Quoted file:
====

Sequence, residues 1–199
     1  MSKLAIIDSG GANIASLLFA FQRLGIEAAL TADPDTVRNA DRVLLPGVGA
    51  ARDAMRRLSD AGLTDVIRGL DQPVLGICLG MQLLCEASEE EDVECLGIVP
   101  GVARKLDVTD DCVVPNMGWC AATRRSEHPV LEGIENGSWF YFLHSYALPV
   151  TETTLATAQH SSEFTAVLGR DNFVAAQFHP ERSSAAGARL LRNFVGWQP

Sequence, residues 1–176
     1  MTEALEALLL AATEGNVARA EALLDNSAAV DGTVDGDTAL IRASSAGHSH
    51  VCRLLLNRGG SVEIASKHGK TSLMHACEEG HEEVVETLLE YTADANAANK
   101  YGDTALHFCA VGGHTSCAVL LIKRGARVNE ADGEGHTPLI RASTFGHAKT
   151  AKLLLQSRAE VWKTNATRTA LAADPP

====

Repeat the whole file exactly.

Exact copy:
Sequence, residues 1–199
     1  MSKLAIIDSG GANIASLLFA FQRLGIEAAL TADPDTVRNA DRVLLPGVGA
    51  ARDAMRRLSD AGLTDVIRGL DQPVLGICLG MQLLCEASEE EDVECLGIVP
   101  GVARKLDVTD DCVVPNMGWC AATRRSEHPV LEGIENGSWF YFLHSYALPV
   151  TETTLATAQH SSEFTAVLGR DNFVAAQFHP ERSSAAGARL LRNFVGWQP

Sequence, residues 1–176
     1  MTEALEALLL AATEGNVARA EALLDNSAAV DGTVDGDTAL IRASSAGHSH
    51  VCRLLLNRGG SVEIASKHGK TSLMHACEEG HEEVVETLLE YTADANAANK
   101  YGDTALHFCA VGGHTSCAVL LIKRGARVNE ADGEGHTPLI RASTFGHAKT
   151  AKLLLQSRAE VWKTNATRTA LAADPP